7. Assign a metaphor: The pebble will symbolize something you need to go even deeper in with focus, presence, and awareness. You can either choose what you think you need at this time (greater peace, wellbeing, grounded-ness, wisdom, insight, faith, hope, knowing all is well and in perfect harmony). Let go of needing to understand anything right now. Wisdom and insight go beyond, if that’s what you feel you need. Or, to go one step further, you might ask what it is you need right now, not tomorrow, in the now. And let that answer come to you, and then work with that answer.

  8. Focusing on the essence: Assign what it is you need at this moment in time to the pebble in your palm. Bring your attention to it now being imbued with that essence. This pebble now holds and symbolizes that which you need.

  9. Expand this essence: Now slowly breathe the essence contained in your pebble into your palm, imagining with each breath that the essence is moving, with the next breath to your elbow. Breathe it slowly up your shoulder. Spend a few moments on the sensations it might have. Color. Does it feel relaxing, calming as you breathe it in? Supporting? Continue. Breathe this essence into your heart. Let it fill your heart, embrace it and expand it. Let it expand all around. Take a strand of it and breathe it into your abdomen, and let it expand, into the base of your spine. Breathe it into your knees, your feet, all the way to all your toes. Bring your attention to your heart, and from there bring a strand of this essence – and what you need – up through your chest, into your other arm, into your neck, slowly up your to the top of your head. And bathe in the expanded essence of what is represented just for you. Stay present. If your attention goes to anything else in the room, with kindness bring it back to your whole self.

  10. Ending: Count backwards from 7, 6, 5, 4, 3, 2, and 1. You may open your eyes.

You can record the above and play your recorded voice to guide you in this exercise.

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STATES-CHECK EXERCISE

1.     Set an alarm on your mobile phone or other device for at least two times and best three times during the day (i.e. 10:36 am, 3:42 pm, 7:51 pm) for a daily practice of a states-check in.

2.     When your alarm goes off, no matter what you’re doing (unless it’s something that requires your undivided attention, such as, driving or operating machinery), ask yourself what emotional and mental state you are in. Are you happy, energized, calm, relaxed, hopeful, focused, clear, grounded, doing negative talk to yourself, self-doubting, fearful, sad anxious, mad, etc.?

3.     Observe. Be kind to yourself if your state isn’t your ideal.

4.     However, is this state what will enhance the Being-ness that you need to live in and expand ‘Alive Time’?

5.     Assign a number to the level of where you found yourself from 1 (very mad, very fearful, very stressed, etc.) to 10 (very energized, very joyous, very grateful, very loving).

6.     What state would you want in order to feel good? Happy?

7.     Your body state is connected. Get up, stand tall, shoulders back and take four fast breaths in and out.

8.     Your mind is connected. Bring your focus to an object (i.e. a pebble you have assigned a metaphor to) and keep focus on it, observing it.

9.     Think of something you are incredibly grateful for in your life and hold your focus on that thing, memory, or thought.

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DEEP LISTENING EXERCISE

1.     Invitation: create a space of safety for deep listening by inviting the participant(s) to engage in a process of sharing, where they will be heard and where what they share will be held in confidence.

2.     Process: Allow for some predictability by explaining the purpose and process: a) making time to be listened to and the opportunity to offer the same – to listen deeply and be fully present; and that maybe something transformative might result through deep listening;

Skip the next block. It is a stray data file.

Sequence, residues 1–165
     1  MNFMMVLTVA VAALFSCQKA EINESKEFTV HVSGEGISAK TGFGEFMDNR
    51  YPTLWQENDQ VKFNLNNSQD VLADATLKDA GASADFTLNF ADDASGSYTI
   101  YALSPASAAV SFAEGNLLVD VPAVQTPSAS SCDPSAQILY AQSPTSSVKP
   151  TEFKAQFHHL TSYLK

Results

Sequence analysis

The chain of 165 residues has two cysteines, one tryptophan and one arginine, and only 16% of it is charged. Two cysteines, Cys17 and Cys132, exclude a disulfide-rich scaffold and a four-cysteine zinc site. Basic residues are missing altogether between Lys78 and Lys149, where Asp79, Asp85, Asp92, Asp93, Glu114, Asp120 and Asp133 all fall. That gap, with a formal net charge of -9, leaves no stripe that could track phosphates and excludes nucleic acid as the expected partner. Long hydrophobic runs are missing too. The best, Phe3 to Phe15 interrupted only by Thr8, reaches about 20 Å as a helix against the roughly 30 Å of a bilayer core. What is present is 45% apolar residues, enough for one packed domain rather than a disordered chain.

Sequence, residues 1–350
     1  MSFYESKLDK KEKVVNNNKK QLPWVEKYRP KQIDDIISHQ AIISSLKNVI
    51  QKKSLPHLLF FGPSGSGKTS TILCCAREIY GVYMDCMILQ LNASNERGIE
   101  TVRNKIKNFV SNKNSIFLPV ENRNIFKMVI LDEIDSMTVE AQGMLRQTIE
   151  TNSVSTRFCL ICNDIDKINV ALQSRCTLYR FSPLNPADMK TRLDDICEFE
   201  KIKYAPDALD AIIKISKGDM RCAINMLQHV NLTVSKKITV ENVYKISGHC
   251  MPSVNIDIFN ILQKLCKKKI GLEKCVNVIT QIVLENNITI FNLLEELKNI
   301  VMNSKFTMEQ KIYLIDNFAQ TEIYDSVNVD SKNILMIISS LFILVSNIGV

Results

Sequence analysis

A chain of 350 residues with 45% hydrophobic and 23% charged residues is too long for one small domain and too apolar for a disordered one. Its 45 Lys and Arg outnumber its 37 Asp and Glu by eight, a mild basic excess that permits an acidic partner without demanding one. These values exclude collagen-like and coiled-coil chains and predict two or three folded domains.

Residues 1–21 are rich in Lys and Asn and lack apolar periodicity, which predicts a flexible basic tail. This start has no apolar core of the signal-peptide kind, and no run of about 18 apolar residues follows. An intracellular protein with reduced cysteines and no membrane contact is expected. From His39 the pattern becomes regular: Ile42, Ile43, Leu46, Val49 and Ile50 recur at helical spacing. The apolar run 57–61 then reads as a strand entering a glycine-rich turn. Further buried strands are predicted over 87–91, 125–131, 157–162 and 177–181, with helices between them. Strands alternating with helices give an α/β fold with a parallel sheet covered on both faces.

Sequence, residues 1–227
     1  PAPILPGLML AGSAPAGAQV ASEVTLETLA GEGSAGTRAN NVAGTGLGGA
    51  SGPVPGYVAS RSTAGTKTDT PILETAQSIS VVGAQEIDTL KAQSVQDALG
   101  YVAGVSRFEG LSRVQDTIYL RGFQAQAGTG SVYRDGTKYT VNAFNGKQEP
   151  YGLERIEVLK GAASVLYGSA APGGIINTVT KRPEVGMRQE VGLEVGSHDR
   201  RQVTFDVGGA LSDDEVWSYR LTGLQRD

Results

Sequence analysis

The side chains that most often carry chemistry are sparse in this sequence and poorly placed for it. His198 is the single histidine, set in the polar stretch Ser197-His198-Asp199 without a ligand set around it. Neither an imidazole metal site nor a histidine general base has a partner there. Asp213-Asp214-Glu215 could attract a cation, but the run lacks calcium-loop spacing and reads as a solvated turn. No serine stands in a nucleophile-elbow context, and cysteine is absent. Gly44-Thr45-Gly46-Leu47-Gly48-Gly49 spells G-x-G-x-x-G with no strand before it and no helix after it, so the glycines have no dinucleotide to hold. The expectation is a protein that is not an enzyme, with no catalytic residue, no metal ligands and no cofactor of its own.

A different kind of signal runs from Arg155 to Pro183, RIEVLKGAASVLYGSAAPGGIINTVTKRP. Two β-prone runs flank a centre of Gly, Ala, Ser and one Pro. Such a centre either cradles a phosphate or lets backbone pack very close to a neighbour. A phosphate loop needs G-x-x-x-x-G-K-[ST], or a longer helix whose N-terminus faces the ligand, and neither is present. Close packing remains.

b) each person will think of something they are feeling stressed about and are willing to share, and one thing they are feeling abundantly grateful for that has happened or they will have the opportunity to do.

c) before the participant shares, ask that they focus their attention to what is coming up for them, whatever it may be, such as, the areas in the body where there is tightening or expansion, how it feels to be speaking. They will pay attention to while speaking about the stressful thing and then the exciting and happy thing.

d) each person (best from a group of two or three) will take turns after 3-5 minutes of speaking on both the stressful and positive event.

e) the listener will also keep bringing their focus to listening, and also pay attention to what is coming up in response for them.

f) reflection time will follow after the process of deep listening with the larger group of participants using a set of five questions.

 

*Deep listening is letting go of all distractions and holding heart centered focus on the person you are listening to. You remain grounded, present, clear, attentive, open, observant, and curious. When listening, drop down from thinking to attention on your heart and listen from this space. Any time you feel a response come up to what the person is saying, any assumptions or judgements, envision it leaving and bring your focus back to your heart and the speaker. Listen to the tone of voice, the feelings discernable (without interpreting) behind what is being said. Let what is being said affect you. You may nod, hold eye contact, and allow for silence. Hold that space, and listen into that silence and whatever else is. When the person is finished, acknowledge with a gesture of gratitude for having the opportunity to have listened.

 

3.     Group Questions:

a.     How did it feel to be heard during the exercise?

b.    What was the experience of listening with the heart?

c.     If you judged while listening, did you notice? And did you notice any constrictions anywhere while judging?

d.    If you empathized while listening, did you notice? And did you note any changes in your body, and if so in which ways?

e.     How will you bring this practice into your relationships, your workplace?

 

* You might set an intention to start practicing listening deeply by writing out a reminder to listen with openness and curiosity where you will view it.